All in all, a very disappointing read. I had had high hopes for Liu, but she didn’t deliver. She has the potential to be a fantastic writer. Perhaps her talents would be better suited to short stories or poetry… but she should stay away from Urban Fantasy.

Bottom line? Don’t bother.

Review: The Iron Witch by Karen Mahoney

Review: The Iron Witch by Karen MahoneyThe Iron Witch by Karen Mahoney
Series: The Iron Witch #1
Published by Corgi Childrens on January 20th 2011
Pages: 304
Genres: Paranormal YA, Young Adult
Source: Purchased myself
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Freak. That's what her classmates call seventeen-year-old Donna Underwood. When she was seven, a horrific fey attack killed her father and drove her mother mad. Donna's own nearly fatal injuries from the assault were fixed by magic—the iron tattoos branding her hands and arms. The child of alchemists, Donna feels cursed by the magical heritage that destroyed her parents and any chance she had for a normal life. The only thing that keeps her sane and grounded is her relationship with her best friend, Navin Sharma.

When the darkest outcasts of Faerie—the vicious wood elves—abduct Navin, Donna finally has to accept her role in the centuries old war between the humans and the fey. Assisted by Xan, a gorgeous half-fey dropout with secrets of his own, Donna races to save her friend—even if it means betraying everything her parents and the alchemist community fought to the death to protect.

Thoughts: Ok, I know it’s superficial and whatnot, but this cover is absolutely stunning. Breathtakingly stunning. The golden swirls around what appears to be a terrified girl clutching a… well, it’s something gorgeous, whatever it is. Not to mention, the special Waterstones version of this book has gold paper edges. Fierce.

Unfortunately, the book itself is not so fierce.

Let’s start off with the good stuff. The beginning of the book is absolutely swoon-worthy. The world and its characters are dark, mysterious, and gothic – rather like its cover. It was like Florence and the Machine put into words. We meet Donna and her (male) BFF heading to a party where she is far from welcome.  (Why said BFF would drag her to along to such an event is but one of the plot holes that will become evident soon enough.) There, Donna meets  Xan and there’s a spark – literally, a spark – between them.  It’s not insta-romance, but it is insta-connection. But I felt it through the pages, so I was not complaining.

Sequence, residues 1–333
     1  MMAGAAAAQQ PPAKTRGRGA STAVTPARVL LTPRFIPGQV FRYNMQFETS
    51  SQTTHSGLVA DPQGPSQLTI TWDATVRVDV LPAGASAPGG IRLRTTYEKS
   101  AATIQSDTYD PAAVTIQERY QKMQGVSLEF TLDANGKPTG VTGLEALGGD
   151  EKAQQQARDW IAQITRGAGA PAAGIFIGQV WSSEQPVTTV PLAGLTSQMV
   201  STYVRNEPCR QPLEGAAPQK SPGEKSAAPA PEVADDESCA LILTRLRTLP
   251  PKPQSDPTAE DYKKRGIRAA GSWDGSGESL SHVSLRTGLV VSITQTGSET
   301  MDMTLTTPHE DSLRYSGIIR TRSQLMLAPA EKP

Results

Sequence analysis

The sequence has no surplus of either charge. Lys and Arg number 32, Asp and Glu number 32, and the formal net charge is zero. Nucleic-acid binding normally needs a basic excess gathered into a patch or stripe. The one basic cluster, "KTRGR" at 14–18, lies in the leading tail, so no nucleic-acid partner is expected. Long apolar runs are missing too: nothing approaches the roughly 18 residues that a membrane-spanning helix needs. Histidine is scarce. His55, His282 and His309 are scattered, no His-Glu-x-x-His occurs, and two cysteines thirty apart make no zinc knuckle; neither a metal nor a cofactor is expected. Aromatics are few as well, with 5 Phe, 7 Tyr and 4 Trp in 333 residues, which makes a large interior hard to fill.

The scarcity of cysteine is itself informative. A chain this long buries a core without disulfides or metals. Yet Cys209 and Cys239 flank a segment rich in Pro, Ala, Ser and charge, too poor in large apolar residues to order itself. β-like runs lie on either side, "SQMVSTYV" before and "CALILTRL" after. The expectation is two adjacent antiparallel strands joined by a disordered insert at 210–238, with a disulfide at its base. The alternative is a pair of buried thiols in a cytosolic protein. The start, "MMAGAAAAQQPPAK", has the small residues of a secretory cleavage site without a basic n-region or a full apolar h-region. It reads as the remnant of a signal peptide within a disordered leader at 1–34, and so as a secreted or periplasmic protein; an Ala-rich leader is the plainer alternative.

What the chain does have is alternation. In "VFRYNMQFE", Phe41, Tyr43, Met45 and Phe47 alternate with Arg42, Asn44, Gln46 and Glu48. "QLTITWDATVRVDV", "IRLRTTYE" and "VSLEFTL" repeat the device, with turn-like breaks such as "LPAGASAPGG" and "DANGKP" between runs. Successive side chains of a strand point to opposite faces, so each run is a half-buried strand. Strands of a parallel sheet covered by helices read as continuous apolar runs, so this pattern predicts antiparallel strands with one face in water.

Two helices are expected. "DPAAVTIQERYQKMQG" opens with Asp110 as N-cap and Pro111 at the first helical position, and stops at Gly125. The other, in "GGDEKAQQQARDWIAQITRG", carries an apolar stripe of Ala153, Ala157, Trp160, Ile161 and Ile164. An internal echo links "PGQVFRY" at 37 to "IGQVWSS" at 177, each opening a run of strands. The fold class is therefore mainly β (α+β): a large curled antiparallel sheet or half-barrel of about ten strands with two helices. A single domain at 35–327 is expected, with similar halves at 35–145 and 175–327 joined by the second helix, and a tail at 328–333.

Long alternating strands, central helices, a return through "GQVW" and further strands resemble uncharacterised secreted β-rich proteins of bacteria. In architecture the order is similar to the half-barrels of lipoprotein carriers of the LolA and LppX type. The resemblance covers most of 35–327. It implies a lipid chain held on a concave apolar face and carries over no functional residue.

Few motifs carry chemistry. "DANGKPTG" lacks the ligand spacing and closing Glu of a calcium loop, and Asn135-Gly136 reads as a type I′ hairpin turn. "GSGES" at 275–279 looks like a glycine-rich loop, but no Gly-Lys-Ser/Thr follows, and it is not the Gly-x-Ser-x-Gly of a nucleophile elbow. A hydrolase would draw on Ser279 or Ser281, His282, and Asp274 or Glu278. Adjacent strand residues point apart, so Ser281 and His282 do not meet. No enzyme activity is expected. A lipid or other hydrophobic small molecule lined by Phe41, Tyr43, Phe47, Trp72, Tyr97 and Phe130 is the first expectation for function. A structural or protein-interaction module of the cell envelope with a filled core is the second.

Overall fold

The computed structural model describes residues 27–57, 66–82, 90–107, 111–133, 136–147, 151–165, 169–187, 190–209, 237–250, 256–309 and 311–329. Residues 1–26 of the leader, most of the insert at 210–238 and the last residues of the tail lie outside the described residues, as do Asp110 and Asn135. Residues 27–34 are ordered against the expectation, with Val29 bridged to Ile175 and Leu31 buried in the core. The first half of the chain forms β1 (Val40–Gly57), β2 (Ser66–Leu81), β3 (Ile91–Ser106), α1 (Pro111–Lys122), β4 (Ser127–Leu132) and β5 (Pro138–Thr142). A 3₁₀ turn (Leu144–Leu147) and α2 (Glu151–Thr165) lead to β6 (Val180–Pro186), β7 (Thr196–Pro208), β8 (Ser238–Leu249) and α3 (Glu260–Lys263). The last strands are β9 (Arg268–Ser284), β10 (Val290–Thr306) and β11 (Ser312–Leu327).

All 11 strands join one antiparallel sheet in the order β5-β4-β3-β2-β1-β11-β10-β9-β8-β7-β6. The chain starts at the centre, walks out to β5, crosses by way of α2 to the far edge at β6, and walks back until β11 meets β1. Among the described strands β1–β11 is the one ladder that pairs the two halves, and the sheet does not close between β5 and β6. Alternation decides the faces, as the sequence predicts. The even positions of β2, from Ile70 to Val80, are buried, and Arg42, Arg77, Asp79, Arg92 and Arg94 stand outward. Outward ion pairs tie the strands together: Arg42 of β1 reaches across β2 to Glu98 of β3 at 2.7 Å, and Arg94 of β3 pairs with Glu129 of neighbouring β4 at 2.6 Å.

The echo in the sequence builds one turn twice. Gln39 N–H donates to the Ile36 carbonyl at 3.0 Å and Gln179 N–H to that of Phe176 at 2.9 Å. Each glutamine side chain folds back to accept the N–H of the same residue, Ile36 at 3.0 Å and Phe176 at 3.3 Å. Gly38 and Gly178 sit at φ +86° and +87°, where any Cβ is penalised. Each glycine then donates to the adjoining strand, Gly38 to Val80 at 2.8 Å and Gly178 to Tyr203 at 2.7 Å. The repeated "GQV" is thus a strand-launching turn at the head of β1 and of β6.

But after that fabulous opening scene, the book starts to show its rather unfortunate flaws. There are absolutely no explanations for anything in this book. For example, the alchemists are seeking out eternal life at any cost. Donna knows this. Donna was taught this. It’s basically the bedrock of their alchemist community. And yet, that never bothered her?

Then there are the wood elves – cast as the ultimate creepy villians. And yet, we never find out why they are evil. Why did they kill Donna’s parents? What is supposed to be motivating them? And if they’re so bad, why is half-fey Xan such a sweetheart? And speaking of sweethearts, was there supposed to be some sort of romantic triangle going on here?  Because, if so, I missed that altogether. This is just basic plot stuff that The Iron Witch just doesn’t have.

Bottom line? If this book had been about 10x longer –  giving the characters, universe, and relationships the fleshing out they deserved – it would have been fantastic. This book is getting stars for its potential, not for its content. Alas.

Review: Blood Promise by Richelle Mead

Review: Blood Promise by Richelle MeadBlood Promise by Richelle Mead
Series: Vampire Academy #4
Published by Razorbill on August 25th 2009
Pages: 503
Genres: Paranormal YA, Young Adult
Source: Purchased myself
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Also in this series: Vampire Academy, Frostbite

How far will Rose go to keep her promise?

The recent Strigoi attack at St. Vladimir’s Academy was the deadliest ever in the school’s history, claiming the lives of Moroi students, teachers, and guardians alike. Even worse, the Strigoi took some of their victims with them. . . including Dimitri.

He’d rather die than be one of them, and now Rose must abandon her best friend, Lissa—the one she has sworn to protect no matter what—and keep the promise Dimitri begged her to make long ago. But with everything at stake, how can she possibly destroy the person she loves most?

Thoughts: Richelle Mead is one of those authors that makes you desperate for a conclusion. So, I’ll just come out and admit it… I read spoilers for Blood Promise before I’d even read Shadow Kissed (which, FYI, broke my heart into so many ickle pieces, I couldn’t deal enough to write a review). I knew what was going to happen before I picked up both books – and I have a pretty clear idea about the last two books in the series as well. I just had to know. Emotionally, I just wouldn’t have made it through this series without some warning of what was ahead.

So, despite having a pretty fair idea what would happen in this book, it still blew me away. I wondered how far Mead could take vigilante!Rose. I mean, the book is over 400 pages long and there’s only so much angst a girl can handle. But as Rose makes her way through Russia, Mead takes the opportunity to introduce some fabulous new characters: including Sydney, who will be the star of the spin-off series.